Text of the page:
Orthopedic Surgeons and Spine Specialists

Graphic showing the statistics regarding the likelihood of surgery from sciatica.If you go to an orthopedic surgeon or spine specialist, they should spend most of their time suggesting various treatment options and turn to surgery as a last resort.

A 2012 study in the Spine Journal found that for patients who received spine surgery, 10.5% had complications during surgery, 73.5% had complications after surgery, 39% had their stay extended due to complications, and 1% died.

Yet, for all those risks, patients who receive surgery don’t have substantively better outcomes than conservatively treated patients one and two years later. To be sure, there are specific red flags that may signal a need for surgery, but for most sciatica patients, surgery is expensive, risky and ultimately not the best route.

Physical Therapists and Active Exercise

Physical therapy might be recommended by your MD or orthopedic surgeon. However, research published in the European Spine Journal in 2006 showed that patients with leg pain and numbness did significantly better when treated with the Cox Technic (chiropractic care) than when treated with active exercise (physical therapy), exhibiting “significantly lower pain scores” after one year. Other studies have produced similar results for patients with persistent back and neck pain.

The conclusion to be drawn is that while physical therapy can be useful, chiropractic therapy provides more lasting results.

Doctors of Chiropractic and the Cox Technic

One of the most important tools in the chiropractic arsenal, and our primary treatment when dealing with sciatica at Algonquin Chiropractic Center, is the Cox Technic. This natural, nonsurgical, drug-free treatment gently stretches the spine to decompress the spinal discs and nerves relieving pressure and pain.

Graphic depicting the proportion of patients who were satisfied with the Cox Technic's results for their sciatica symptoms.
89% of patients report satisfaction with the results they experienced using the Cox Technic.

The Agency for Health Care Policy and Research published its AHCPR Guidelines, which state that the Cox Technic is safe and effective.

Numerous high-profile athletes have spoken on the effectiveness of chiropractic care to not only relieve their pain but boost their performance: Joe Montana, Scottie Pippen, Evander Holyfield, Max Scherzer, Tom Brady, Jonathon Toews, and the list goes on.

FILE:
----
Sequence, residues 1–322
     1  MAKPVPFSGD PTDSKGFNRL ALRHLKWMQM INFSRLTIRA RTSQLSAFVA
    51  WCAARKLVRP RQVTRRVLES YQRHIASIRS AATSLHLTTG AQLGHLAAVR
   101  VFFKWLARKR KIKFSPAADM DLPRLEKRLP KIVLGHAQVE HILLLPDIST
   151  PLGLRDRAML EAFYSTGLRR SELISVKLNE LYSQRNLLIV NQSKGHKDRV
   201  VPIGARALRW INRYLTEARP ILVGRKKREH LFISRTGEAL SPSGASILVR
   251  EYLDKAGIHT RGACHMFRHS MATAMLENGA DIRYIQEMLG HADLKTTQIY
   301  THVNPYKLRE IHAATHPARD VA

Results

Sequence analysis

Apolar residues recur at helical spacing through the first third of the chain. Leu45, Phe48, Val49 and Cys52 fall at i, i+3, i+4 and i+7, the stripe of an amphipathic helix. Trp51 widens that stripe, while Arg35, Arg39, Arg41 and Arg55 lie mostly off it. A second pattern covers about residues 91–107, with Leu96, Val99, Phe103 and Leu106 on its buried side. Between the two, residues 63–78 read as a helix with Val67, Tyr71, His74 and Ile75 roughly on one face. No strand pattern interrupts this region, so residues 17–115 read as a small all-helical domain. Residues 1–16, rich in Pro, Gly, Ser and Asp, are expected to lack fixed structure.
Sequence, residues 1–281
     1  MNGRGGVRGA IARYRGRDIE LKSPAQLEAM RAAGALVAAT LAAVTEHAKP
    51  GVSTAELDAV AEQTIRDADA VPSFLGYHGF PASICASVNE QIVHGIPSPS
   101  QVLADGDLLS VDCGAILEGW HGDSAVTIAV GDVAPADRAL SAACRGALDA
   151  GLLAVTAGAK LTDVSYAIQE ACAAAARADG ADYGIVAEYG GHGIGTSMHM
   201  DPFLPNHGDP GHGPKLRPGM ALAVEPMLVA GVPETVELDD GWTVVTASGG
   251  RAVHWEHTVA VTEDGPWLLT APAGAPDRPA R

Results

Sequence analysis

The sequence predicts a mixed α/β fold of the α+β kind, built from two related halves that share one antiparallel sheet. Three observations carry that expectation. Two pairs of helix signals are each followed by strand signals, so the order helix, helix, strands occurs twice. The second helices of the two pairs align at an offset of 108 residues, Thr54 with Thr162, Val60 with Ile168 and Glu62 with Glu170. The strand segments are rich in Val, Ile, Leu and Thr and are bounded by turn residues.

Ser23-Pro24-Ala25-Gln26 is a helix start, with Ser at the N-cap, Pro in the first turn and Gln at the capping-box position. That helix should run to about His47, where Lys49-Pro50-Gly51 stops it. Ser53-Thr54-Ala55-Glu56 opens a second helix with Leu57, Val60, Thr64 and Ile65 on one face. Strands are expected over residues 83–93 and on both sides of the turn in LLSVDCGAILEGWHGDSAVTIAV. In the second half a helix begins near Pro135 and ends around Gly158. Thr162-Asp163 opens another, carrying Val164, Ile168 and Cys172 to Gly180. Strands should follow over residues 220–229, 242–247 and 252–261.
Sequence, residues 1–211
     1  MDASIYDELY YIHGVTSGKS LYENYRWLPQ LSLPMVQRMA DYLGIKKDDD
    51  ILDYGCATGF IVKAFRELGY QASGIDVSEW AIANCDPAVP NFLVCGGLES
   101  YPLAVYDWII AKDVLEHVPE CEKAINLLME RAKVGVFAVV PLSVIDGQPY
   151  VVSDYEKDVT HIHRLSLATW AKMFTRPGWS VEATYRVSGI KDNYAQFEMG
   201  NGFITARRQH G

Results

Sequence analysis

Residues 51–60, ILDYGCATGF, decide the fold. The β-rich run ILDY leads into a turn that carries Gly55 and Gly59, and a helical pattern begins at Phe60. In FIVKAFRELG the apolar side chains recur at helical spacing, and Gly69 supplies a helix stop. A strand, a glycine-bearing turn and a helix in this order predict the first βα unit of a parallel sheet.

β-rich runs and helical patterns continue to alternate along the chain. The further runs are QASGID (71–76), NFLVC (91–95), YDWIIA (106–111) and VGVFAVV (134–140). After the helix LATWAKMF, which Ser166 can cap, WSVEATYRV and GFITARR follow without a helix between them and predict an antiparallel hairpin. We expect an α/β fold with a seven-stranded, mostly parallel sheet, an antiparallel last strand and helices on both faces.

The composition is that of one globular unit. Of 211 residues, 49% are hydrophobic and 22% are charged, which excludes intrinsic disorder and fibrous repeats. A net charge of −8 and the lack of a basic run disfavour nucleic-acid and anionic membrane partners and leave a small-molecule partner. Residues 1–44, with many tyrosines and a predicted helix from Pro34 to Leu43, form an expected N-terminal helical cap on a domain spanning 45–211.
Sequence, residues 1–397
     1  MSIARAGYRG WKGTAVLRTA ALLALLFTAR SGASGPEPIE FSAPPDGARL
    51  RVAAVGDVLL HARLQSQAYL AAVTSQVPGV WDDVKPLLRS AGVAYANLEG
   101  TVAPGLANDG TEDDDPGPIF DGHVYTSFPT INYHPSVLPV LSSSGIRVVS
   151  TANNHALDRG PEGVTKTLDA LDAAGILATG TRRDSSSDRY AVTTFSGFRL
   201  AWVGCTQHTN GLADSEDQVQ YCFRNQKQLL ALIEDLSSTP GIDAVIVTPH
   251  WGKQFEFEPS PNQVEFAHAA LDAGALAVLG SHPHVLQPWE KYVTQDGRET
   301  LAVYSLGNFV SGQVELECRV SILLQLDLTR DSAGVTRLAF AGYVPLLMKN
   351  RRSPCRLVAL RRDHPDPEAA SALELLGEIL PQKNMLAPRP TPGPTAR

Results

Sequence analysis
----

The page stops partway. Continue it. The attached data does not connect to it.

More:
Using the Cox Technic, Doctors of Chiropractic achieve some of the highest patient satisfaction ratings of any health care provider. Research shows that about 91% of patients report finding the relief they were looking for, and pain ratings on average decrease from an average of 7.6 to an average of 1.9 after treatment.

For a closer look at how chiropractic care relieves sciatic nerve pain, read our summary of the research on the subject here.

So, what can you expect from a visit to Algonquin Chiropractic Center?

  • A warm welcome from sympathetic staff.
  • A consultation with a licensed chiropractor discussing how the sciatica is affecting your life.
  • A chiropractic examination that measures body alignment, range of motion, muscle strength, and more.
  • An orthopedic and neurological evaluation that includes testing of deep tendon reflexes, sensory and motor functions, and nerve root tension, as well as diagnostic imaging and lab work as needed.
  • A complete report of all findings.
  • An individualized treatment plan designed for your specific situation, that may include but isn’t limited to:
    • The Cox Technic
    • Spinal Manipulation
    • Physical Therapy Modalities
    • Orthotic Therapy
    • Muscle and Soft Tissue Treatment (including Massage Therapy)
    • Rehabilitation
    • Home Exercise Programs
    • Diet and Nutrition

If you or your loved one are suffering from symptoms that you think may be related to sciatica, it’s time you consulted a professional. Algonquin Chiropractic Center has been effectively treating sciatica in Algonquin, IL and Lake in the Hills, IL for years—give us a call today at (847) 854-2000 and take the first steps to relieving pain, restoring function, and taking your life back.

For more information on causes and treatment for sciatica, please download our FREE ebook: The Sciatica Survival Guide by Dr. Anthony Galante!